This is largely due to a near 400 bps fall in the rural unemployment rate to 9.58% for the week under review from 13.51% for the week ended May 23.
Unemployment in the urban areas stood at a worrisome 17.88% for the week ended May 30. The rate has risen for the seventh straight week and 47 basis points (bps) over the previous week. While worse is yet to come, the jury is still out on whether the rate will rise to the highest level ever of 27.1% seen in the aftermath of last year’s lockdown.
According to data compiled by the Centre for Monitoring Indian Economy (CMIE), the overall unemployment rate, however, fell to 12.15% for the week ended May 30 as against 14.73% in the preceding week. This is largely due to a near 400 bps fall in the rural unemployment rate to 9.58% for the week under review from 13.51% for the week ended May 23.
The urban unemployment rate has soared nearly 1.5 times since the second wave of the pandemic started ravaging the country in April. As for the week ended April 4, the overall unemployment rate was 8.16%, the urban unemployment rate was 7.21% and the rural unemployment rate was 8.58%.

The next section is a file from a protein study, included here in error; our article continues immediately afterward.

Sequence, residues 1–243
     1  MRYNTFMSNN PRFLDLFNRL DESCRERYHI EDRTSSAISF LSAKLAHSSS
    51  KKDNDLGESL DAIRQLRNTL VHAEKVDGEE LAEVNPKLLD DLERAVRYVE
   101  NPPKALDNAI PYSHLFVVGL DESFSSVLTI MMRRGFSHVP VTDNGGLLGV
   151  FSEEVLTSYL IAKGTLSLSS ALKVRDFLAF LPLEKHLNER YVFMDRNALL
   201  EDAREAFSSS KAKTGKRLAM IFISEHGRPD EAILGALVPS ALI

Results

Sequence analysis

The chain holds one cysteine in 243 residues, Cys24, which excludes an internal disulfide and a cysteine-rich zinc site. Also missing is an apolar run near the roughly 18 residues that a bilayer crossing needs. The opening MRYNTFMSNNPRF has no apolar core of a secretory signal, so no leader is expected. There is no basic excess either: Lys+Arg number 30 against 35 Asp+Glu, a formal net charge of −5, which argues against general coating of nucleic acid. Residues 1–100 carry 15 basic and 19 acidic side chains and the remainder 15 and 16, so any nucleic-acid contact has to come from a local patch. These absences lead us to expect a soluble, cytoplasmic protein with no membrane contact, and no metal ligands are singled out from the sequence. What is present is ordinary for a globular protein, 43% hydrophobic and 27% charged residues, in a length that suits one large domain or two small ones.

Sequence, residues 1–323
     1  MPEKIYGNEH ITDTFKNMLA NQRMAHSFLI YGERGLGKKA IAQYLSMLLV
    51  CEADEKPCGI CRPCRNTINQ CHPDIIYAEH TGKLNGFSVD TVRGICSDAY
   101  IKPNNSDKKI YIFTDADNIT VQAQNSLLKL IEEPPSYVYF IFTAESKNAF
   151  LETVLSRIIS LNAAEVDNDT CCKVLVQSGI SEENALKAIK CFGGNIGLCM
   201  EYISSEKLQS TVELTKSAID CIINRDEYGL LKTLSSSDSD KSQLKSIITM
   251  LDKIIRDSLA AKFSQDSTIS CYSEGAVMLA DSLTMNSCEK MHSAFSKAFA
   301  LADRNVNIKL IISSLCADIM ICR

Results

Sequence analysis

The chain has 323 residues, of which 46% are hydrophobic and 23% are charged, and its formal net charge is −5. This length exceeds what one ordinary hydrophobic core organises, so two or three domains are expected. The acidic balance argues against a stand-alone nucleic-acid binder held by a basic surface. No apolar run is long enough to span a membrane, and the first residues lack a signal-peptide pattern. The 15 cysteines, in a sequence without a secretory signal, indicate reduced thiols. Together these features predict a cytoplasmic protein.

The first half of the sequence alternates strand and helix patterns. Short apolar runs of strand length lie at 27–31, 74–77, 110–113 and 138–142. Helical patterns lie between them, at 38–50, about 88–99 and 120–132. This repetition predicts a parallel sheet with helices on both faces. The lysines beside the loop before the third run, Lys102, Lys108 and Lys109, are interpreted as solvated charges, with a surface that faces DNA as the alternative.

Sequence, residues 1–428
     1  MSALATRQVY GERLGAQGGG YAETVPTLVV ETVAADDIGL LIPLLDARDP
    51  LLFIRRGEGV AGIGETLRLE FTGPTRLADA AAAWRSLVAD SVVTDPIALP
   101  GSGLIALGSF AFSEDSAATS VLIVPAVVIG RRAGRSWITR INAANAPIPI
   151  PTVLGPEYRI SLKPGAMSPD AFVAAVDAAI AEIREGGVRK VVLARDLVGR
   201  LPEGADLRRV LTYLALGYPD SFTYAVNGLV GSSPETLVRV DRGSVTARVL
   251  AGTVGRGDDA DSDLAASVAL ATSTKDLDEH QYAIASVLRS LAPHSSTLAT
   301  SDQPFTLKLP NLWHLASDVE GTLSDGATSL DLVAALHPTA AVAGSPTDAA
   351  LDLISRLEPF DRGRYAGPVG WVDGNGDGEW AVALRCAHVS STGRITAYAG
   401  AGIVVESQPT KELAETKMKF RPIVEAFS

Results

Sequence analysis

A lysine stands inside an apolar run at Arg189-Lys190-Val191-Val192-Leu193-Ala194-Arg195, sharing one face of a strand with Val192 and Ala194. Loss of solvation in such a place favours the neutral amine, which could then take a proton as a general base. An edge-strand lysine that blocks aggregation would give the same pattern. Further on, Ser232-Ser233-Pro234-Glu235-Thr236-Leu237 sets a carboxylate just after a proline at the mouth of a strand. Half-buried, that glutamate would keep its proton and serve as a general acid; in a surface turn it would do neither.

CMIE’s MD & CEO Mahesh Vyas said the decline in the rural unemployment rate was because the rural labour force participation rate (LFPR) had fallen. “Fewer people are looking for jobs there (in rural areas). But, the pressure on jobs continues in urban India,” he said.
Labour market expert and XLRI professor K R Shyam Sundar said more than the unemployment, decline in LFPR should worry because people are withdrawing from the labour market rather than seeking jobs which may be attributed to fear of getting infected. Thus, tackling Covid-19 could improve labour market performance along with sectoral revival policies, he said.
Labour force participation rate is an age-specific proportion between persons either working or actively seeking work and the total population in the working-age group, usually 15 years and above. The unemployment rate is a ratio between persons who are not currently in a job but are actively searching for one and the total labour force.
Ashwini Deshpande, Director, Centre for Economic Data and Analysis (CEDA) at Ashoka University said the rise in urban unemployment rate must be because of the lockdowns that resulted in stopping all factories and construction activity.
“For instance, in Delhi, the lockdown would complete seven weeks soon. All the daily wagers would be out of work, several of the factory and construction workers (those who are in the city) might report themselves as unemployed. Plus, service providers like plumbers, electricians, or workers in sectors closed for a prolonged period like beauty parlour, malls, cinema theatres, shop helpers etc,” said Deshpande.